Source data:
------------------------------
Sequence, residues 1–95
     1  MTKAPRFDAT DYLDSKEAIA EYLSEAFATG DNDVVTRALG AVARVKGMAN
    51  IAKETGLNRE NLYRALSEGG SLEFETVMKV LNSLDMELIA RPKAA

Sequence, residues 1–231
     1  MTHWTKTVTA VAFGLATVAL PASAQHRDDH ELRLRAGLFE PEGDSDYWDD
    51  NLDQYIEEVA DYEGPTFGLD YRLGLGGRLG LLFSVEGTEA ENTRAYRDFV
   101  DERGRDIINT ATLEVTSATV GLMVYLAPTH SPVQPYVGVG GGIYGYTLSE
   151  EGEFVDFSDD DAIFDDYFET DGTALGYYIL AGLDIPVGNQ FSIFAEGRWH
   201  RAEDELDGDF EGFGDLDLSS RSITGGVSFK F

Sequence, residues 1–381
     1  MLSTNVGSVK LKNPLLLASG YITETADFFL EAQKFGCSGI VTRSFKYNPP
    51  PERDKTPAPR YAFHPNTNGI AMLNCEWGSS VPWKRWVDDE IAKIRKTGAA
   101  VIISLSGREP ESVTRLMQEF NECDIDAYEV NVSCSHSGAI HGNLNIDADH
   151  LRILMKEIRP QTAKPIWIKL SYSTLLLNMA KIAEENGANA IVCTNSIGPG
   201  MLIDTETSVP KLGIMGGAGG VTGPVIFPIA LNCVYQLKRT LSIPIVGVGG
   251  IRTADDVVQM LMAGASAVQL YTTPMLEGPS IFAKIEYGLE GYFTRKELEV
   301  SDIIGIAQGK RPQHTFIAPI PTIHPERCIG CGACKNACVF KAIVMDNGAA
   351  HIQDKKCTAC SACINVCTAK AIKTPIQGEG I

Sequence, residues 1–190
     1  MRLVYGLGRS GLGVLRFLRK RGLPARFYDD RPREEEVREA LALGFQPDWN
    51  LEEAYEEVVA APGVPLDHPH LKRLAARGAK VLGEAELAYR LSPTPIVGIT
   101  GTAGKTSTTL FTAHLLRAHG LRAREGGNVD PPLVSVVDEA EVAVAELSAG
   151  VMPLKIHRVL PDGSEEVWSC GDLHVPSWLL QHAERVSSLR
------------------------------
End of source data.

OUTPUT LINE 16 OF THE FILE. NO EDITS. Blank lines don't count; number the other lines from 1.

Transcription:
   251  IRTADDVVQM LMAGASAVQL YTTPMLEGPS IFAKIEYGLE GYFTRKELEV